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School exclusion is very common among impoverished sectors of society and among women in fundamentalist societies. Its main consequence is that it makes it impossible for the excluded person to perform better quality jobs, which often translates into poverty, and at the same time impoverishes their ability to make decisions, by depriving them of the minimum knowledge essential for life.

Causes of social exclusion

Social exclusion can occur due to multiple factors, such as:

  • Religious factors. Segregation for religious reasons is probably one of the oldest that exists. It occurs when a minority practicing a religion different from the majority is condemned, persecuted or expelled, especially in fundamentalist nations or nations with an official religion. Given that almost all religions claim to have the “true” faith, the others are relegated to being harmful, deviant or perverted cults, and their practitioners, for that same reason, become persona non grata.
  • Ethnic factors. Another very old form of segregation is that which distinguishes between individuals according to their ethnicity, nationality or origin, and discriminates against minorities. In some cases, they may even be oppressed majorities (as in the case of the apartheid South African). Racism and xenophobia are the main ethnic factors that exist.
  • Class factors. The distinction between social classes is typical of industrial capitalist society. In this way, the lower strata are discriminated against, forcing them to consume low-quality products and services, or directly to do without some of them, which not only deteriorates their quality of life, but condemns them to reproduce the poverty they have already suffered. stagnate in their social class.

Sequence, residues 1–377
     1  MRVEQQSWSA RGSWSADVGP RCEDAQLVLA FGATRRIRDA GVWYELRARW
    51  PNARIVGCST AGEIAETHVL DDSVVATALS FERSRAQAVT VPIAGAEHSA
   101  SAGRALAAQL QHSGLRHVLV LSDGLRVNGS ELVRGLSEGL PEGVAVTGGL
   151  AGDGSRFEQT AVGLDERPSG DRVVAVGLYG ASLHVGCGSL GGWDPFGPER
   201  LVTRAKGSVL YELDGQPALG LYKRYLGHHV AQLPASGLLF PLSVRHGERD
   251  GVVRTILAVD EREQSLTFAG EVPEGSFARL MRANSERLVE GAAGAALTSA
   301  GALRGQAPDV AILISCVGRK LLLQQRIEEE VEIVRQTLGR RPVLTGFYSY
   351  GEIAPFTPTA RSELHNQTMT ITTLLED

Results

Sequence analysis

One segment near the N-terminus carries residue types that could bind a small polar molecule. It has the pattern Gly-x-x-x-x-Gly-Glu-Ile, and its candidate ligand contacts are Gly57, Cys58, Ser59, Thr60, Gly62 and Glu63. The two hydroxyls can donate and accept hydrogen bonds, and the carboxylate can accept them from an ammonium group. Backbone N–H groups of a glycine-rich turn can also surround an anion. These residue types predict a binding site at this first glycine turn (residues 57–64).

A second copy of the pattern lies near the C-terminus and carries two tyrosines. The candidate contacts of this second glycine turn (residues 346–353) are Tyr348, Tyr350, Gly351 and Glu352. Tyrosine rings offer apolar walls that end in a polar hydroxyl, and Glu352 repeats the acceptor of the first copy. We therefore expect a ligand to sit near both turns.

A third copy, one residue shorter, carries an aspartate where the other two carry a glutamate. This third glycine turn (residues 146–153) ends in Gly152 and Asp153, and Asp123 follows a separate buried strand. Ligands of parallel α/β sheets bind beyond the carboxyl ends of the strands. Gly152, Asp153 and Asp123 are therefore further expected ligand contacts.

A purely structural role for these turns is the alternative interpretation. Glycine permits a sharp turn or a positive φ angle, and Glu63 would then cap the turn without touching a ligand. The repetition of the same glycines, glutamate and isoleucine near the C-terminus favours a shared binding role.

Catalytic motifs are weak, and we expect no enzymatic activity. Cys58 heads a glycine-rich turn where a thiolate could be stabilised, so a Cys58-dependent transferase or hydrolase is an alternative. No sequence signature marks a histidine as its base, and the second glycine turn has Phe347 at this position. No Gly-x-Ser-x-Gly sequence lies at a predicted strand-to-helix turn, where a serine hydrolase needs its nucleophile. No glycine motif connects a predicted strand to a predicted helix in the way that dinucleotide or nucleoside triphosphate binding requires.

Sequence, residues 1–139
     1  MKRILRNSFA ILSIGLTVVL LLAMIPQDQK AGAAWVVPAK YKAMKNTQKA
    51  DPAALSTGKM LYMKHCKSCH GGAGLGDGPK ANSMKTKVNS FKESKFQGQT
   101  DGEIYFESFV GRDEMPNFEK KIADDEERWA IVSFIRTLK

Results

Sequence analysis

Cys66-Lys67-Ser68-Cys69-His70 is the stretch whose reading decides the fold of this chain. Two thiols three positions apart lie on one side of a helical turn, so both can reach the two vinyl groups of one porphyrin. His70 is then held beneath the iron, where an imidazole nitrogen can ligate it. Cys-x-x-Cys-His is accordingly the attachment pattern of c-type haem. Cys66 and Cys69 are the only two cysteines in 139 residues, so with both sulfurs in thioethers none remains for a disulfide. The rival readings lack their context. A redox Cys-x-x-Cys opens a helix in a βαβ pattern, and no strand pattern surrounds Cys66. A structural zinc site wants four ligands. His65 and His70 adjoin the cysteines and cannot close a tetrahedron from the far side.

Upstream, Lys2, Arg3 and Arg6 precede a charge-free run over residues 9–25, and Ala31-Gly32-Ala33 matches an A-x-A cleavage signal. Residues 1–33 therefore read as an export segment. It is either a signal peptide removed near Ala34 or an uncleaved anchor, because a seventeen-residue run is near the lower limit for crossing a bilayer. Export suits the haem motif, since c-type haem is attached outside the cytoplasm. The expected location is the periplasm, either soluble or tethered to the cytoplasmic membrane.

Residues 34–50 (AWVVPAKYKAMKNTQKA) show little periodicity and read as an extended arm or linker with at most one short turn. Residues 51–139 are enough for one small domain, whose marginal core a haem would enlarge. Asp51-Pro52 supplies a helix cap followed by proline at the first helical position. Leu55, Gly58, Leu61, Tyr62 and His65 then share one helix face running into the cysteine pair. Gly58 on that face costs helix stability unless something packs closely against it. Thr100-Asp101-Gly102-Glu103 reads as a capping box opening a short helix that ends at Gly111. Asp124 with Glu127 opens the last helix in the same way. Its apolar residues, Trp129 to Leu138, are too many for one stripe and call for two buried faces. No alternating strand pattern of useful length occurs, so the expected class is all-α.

• Sexual factors. In different degrees of severity, differentiation based on sex, gender identity and sexual orientation has also served to segregate different groups. The persecution of homosexuality, for example, or the sexism against which feminist groups have fought for centuries, are examples of this. Even today many religions condemn homosexuality and sentence women to a subordinate place, as occurs in Islamic fundamentalist governments.
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Social inclusion

Social inclusion is the opposite and reverse process of exclusion, which seeks to reintegrate segregated individuals into society, through economic, educational and cultural initiatives. of diverse nature.

Numerous international organizations, with the help of local governments, are dedicated to combating social exclusion in the world and promoting a different social landscape, one that is more inclusive for minorities, the lower classes and women. This is not a simple task, as it often involves confronting deeply rooted traditions that are usually defended by conservative sectors of society.

More in: Inclusion


  • “Exclusion” in the Language Dictionary of the Royal Spanish Academy.
  • “Etymology of Exclude” in the Online Spanish Etymological Dictionary.
  • “Social inclusion” on Wikipedia.
  • “Social and educational exclusion” in the National Institute of Educational Technologies and Teacher Training (Spain).